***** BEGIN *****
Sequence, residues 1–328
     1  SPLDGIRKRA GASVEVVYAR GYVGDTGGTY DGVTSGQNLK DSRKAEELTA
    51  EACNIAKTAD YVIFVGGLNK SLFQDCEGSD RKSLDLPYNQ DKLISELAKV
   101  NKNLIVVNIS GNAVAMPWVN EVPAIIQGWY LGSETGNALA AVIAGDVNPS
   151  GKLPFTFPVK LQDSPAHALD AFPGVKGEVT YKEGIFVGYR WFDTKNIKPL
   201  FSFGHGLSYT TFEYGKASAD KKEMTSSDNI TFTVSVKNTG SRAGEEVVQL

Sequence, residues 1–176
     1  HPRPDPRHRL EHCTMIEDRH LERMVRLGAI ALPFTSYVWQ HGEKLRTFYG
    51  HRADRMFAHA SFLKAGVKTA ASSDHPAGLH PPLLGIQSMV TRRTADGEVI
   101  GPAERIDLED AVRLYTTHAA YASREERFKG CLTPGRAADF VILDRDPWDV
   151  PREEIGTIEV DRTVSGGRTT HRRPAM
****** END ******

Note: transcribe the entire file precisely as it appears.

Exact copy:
Sequence, residues 1–328
     1  SPLDGIRKRA GASVEVVYAR GYVGDTGGTY DGVTSGQNLK DSRKAEELTA
    51  EACNIAKTAD YVIFVGGLNK SLFQDCEGSD RKSLDLPYNQ DKLISELAKV
   101  NKNLIVVNIS GNAVAMPWVN EVPAIIQGWY LGSETGNALA AVIAGDVNPS
   151  GKLPFTFPVK LQDSPAHALD AFPGVKGEVT YKEGIFVGYR WFDTKNIKPL
   201  FSFGHGLSYT TFEYGKASAD KKEMTSSDNI TFTVSVKNTG SRAGEEVVQL

Sequence, residues 1–176
     1  HPRPDPRHRL EHCTMIEDRH LERMVRLGAI ALPFTSYVWQ HGEKLRTFYG
    51  HRADRMFAHA SFLKAGVKTA ASSDHPAGLH PPLLGIQSMV TRRTADGEVI
   101  GPAERIDLED AVRLYTTHAA YASREERFKG CLTPGRAADF VILDRDPWDV
   151  PREEIGTIEV DRTVSGGRTT HRRPAM